Benny "King of Swing" Goodman's Pad!Must SeeTop 10 Florida Condos For Sale
Before Elvis Presley and rock ‘n’ roll, there was the King of Swing and jazz and bebop. Big bandleader and jazz clarinetist, Benny "King of Swing" Goodman, was a trailblazer throughout his life-long musical career. Born in 1909 and starting out with clarinet lessons at the age of 10, he had his first professional gig at age 14. In 1938, Goodman became the first jazz musician to play at Carnegie Hall. He performed with the best of the era such as Ben Pollack’s band, Glenn Miller and Tommy Dorsey, before breaking out on his own.
Up until 1935, Goodman’s band toured the U.S. and Canada playing the standard dance fare, until one night at the Palomar Ballroom in Los Angeles when the first set was met with another bored reaction by the crowd. As the story goes, band member Gene Krupa suggested that if they were going to fail, they might as well cut loose and play what they themselves enjoyed. What ensued were upbeat arrangements that took the crowd by surprise. The dancing began, followed by applause and cheering . . and the Benny Goodman Band had just given birth to swing.
Oblivious to race discrimination years before Jackie Robinson was the first black American to become a member of a major baseball league, Goodman had been hiring black jazz musicians whose music he greatly loved and respected and were a major factor in his band’s popularity. Fortunately his band was so successful that he had no need to tour the South, which would have likely resulted in his arrest under the Jim Crow laws.
As popular taste in music evolved, the swing era started to wane in the early 1940s and by the mid 1940s bebop was coming into favor. Never to be left behind, Goodman turned his attention to the new trend and added such greats as Buddy Greco and Zoot Sims. In a couple of years, however, he tired of the genre and went on to study the classics, relearning the clarinet to become skilled in chamber music. By the 1950s and 60s, Goodman was touring the world performing in Europe, Japan, South America and Russia. He was still playing until his death in 1986 at the age of 77.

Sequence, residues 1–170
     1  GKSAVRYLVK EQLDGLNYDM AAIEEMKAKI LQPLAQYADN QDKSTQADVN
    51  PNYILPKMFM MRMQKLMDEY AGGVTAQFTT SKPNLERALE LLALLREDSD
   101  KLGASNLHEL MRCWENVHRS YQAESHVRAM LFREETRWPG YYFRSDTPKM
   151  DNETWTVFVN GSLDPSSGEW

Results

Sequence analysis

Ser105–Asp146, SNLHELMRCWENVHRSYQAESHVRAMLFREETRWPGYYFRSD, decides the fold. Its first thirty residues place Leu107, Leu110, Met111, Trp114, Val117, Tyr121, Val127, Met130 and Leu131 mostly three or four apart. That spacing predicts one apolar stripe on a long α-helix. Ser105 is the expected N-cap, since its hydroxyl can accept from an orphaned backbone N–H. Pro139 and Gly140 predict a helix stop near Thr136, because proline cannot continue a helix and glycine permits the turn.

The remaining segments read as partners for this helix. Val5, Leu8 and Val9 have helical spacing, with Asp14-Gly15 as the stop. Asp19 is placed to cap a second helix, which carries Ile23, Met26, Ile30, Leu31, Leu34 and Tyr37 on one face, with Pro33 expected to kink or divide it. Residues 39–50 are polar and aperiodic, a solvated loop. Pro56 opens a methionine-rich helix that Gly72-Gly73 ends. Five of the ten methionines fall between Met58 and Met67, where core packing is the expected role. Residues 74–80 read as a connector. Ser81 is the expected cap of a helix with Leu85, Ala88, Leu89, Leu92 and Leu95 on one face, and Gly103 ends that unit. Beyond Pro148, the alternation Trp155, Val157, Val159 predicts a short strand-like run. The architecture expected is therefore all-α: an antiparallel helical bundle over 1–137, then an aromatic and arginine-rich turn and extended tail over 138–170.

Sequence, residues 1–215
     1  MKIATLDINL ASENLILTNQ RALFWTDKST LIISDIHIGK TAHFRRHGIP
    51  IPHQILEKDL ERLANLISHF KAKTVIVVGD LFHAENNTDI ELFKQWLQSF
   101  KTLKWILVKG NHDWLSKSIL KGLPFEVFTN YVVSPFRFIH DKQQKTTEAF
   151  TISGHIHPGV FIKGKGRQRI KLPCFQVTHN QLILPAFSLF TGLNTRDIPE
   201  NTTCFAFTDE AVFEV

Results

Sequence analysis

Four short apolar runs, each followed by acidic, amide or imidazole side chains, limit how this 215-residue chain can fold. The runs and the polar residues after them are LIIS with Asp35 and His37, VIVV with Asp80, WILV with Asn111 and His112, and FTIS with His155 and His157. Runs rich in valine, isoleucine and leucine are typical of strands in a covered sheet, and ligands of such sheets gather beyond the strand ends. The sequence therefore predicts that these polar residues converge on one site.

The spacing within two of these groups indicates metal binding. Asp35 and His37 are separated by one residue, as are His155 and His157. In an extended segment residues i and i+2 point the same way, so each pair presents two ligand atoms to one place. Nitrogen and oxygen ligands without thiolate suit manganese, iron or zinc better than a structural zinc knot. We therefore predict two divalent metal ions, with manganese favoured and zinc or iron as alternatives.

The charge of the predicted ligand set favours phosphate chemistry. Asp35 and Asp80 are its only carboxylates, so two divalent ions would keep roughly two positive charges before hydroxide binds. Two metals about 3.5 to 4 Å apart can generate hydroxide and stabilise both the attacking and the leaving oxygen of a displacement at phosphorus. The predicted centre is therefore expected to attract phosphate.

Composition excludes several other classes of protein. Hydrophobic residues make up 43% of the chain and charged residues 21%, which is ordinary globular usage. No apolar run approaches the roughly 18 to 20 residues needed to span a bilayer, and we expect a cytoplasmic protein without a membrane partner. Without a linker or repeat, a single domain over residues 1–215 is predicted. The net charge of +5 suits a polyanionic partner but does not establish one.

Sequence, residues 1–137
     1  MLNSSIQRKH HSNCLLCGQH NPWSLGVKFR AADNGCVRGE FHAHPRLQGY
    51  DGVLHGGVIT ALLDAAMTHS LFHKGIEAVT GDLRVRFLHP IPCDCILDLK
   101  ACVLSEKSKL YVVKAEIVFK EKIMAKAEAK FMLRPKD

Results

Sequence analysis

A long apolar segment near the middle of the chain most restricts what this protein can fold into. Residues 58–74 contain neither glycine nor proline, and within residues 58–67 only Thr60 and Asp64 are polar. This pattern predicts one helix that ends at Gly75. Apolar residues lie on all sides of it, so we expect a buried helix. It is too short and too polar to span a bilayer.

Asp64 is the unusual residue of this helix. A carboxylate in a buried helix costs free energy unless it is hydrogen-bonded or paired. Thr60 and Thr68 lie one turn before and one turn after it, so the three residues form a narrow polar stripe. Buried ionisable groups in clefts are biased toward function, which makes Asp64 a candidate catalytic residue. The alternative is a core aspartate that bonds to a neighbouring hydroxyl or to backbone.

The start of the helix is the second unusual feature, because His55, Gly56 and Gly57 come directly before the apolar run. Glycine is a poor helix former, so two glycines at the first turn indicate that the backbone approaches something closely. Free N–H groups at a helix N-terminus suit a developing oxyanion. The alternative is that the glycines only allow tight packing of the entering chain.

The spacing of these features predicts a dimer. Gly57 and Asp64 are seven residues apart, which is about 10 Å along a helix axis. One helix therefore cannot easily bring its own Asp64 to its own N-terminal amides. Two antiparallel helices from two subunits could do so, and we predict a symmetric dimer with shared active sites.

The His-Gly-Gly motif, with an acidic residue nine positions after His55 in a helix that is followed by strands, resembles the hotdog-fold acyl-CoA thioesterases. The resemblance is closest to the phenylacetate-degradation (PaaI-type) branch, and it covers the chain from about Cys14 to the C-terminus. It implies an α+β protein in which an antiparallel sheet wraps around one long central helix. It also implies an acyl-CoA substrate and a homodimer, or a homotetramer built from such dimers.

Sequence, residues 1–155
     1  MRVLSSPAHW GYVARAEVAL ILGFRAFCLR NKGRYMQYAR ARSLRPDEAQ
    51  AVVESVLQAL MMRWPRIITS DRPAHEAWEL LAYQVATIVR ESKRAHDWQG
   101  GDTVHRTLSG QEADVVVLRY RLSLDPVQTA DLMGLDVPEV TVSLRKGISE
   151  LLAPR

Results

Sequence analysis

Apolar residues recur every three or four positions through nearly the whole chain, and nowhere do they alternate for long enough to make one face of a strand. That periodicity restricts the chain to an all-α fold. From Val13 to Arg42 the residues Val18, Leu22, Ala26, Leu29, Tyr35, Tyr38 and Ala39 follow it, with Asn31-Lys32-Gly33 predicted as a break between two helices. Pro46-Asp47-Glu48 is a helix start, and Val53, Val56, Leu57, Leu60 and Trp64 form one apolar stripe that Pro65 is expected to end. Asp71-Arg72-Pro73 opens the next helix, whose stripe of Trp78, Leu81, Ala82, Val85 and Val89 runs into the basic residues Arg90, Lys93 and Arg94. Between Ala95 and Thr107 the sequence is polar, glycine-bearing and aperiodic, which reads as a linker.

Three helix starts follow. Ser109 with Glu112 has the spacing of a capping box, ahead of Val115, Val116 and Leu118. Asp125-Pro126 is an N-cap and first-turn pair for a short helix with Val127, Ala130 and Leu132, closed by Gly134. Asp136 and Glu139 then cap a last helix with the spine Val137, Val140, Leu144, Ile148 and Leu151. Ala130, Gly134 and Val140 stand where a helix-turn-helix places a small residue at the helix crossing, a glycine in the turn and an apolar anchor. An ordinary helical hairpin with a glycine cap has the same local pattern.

Goodman’s career was portrayed in the 1955 film The Benny Goodman Story and the 1986 PBS special Let’s Dance. Some of the songs he made famous were Sing Sing Sing, Taking a Chance on Love, Let's Dance and Somebody Else Is Taking My Place.
During the years he played in Los Angeles, Goodman owned this 1928 Spanish-style home in the Palisades Riviera area. On a third of an acre on tree-lined streets, the home has been updated to current expectations while preserving the original details such as vaulted-beamed ceilings, the original arched windows, wood-burning fireplaces and Spanish-tile stair risers in the curving rotunda stairs with intricate wrought iron railing. Also preserved were the detailed molding and period light fixtures. Added to the 5,000-square-foot, five-bedroom, six-bath home are formal rooms, family room, large gourmet kitchen with breakfast room, a study/office and outdoor living area with summer kitchen and swimming pool. The separate guest house is currently being used as a music studio.
The King of Swing’s former Palisades Rivera Los Angeles home, originally $45,000 when built in 1928, is now priced at $6.195 million.
Photo credit: Shawn Cordon